Sorry Dazzler i meant to write the reverse of my figures with the DCT being superior over manual for fuel economy! That's interesting that you find the Kona DCT better than your SR. I found the Tuscan DCT that i tested on par with the N-line or even maybe a little worse.

Sounds like the SR auto is a great car for you. I've read a lot of your previous posts for general info on them and its great how much you love that car!

I think that for me as well the N would be a little too much as a daily. I do plan on one day having something like that as a second car for the weekends, but at this stage budget only permits for the N-line and i think it strikes a good balance.

I checked out your review of the N - thanks! You mentioned the clutch being quite sporty which i think isn't the case with the N-line manual. I remember the gear box and clutch being really nice - better than my current i30. Space (physical shift) between gears was small and clutch was very light.

Thanks!
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Re: i30 N Line/SR - Manual vs auto seeking advice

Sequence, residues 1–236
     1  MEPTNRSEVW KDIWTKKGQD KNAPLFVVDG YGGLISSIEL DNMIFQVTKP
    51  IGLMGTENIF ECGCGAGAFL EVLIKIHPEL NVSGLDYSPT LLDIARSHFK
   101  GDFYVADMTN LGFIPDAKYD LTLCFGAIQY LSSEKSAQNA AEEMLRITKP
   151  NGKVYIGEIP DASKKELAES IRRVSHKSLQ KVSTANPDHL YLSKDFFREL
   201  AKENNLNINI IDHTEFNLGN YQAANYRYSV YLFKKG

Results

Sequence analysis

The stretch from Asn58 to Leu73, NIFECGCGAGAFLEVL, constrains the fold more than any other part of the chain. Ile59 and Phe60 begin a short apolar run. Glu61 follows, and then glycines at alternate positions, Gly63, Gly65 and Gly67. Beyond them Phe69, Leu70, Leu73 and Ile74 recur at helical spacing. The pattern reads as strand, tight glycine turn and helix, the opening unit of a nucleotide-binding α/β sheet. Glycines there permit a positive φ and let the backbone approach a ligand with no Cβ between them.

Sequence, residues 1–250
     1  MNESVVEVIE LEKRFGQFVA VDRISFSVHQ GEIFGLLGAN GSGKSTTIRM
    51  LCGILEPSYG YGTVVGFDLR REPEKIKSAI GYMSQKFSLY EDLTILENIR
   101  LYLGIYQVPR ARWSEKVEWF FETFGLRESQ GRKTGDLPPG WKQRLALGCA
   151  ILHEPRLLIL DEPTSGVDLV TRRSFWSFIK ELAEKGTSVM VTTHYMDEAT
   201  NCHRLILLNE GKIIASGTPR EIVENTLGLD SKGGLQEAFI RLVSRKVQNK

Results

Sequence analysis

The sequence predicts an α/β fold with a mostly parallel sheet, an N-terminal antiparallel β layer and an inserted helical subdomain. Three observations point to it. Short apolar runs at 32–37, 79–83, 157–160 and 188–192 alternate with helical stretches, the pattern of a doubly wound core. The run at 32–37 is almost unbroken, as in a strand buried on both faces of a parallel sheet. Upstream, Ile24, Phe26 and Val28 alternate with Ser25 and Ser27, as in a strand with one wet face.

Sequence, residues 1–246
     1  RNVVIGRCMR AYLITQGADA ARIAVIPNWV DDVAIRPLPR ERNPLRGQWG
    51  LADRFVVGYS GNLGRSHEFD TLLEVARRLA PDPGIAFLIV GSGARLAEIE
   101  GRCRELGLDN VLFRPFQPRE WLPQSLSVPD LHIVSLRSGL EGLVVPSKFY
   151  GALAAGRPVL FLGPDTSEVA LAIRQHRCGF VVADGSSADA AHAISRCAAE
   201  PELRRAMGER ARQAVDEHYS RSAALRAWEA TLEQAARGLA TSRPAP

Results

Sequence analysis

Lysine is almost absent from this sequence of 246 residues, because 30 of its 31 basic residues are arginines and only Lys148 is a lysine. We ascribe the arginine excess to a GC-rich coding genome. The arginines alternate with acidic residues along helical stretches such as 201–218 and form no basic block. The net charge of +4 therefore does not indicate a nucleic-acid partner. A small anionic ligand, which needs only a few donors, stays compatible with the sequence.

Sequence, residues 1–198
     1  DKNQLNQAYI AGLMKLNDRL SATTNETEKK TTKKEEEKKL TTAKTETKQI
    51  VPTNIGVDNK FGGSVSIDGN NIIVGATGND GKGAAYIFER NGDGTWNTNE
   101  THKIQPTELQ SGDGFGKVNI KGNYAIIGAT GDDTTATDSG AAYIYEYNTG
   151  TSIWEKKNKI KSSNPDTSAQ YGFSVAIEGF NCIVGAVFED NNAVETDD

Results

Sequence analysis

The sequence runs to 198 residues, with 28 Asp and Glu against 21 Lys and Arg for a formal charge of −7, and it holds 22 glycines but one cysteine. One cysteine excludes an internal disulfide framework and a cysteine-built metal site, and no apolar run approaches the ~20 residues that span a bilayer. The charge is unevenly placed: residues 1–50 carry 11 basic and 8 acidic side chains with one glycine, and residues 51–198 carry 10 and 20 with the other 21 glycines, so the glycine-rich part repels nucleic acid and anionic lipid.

« Reply #6 : October 09, 2019, 19:44:26 »

Hi @Pappy

Thanks for responding.

That is what i am worried about as well. I currently love my manual i30 1.8l even if it isn't a performance car. Can i ask what you miss the most about a manual?

Do you think that in hindsight you would have gone with the manual even without the safety features? I wonder how long till a manual comes out with the safety features?! Even if it is next year i could wait - I'd lose value on my trade in but that is ok and to be expected.

I must admit that i don't think i can wait till the Xmas sales to make a purchase as the excitement has been keeping me up at night!

I think I might need to test drive both the auto and manual again soon.

Thanks for your responding guys!

Hi Robbo, you're welcome.

In hindsight I would have gone for the manual SR and saved the significant price difference.

Miss having that "connection" with the car when using a manual and also enjoy keeping my left foot busy. :-)
I also find the low speed & stop/start traffic DCT operation rather frustrating.

I suspect Hyundai will need to have most of the safety features in their upcoming models/refreshes to keep their 5 star safety ratings, but who knows when it will impact the N-Line series manual.

Agree with you, go for further test drives and work out which best suits your needs.

Cheers.
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Re: i30 N Line/SR - Manual vs auto seeking advice
« Reply #7 : October 09, 2019, 20:28:06 »
I on the other hand love the DCT, I just took the car up Gold Coast for a few days with the family.  I totally love the drive, just put on cruise control and let it run.  Fuel consumption at a total of 5.5 - 5.7l/100km during that 800-900km run.

Been driving manual for 17 years, having an option to go full auto is great - At time where I would like more control, then I just switch to manual mode and paddle away.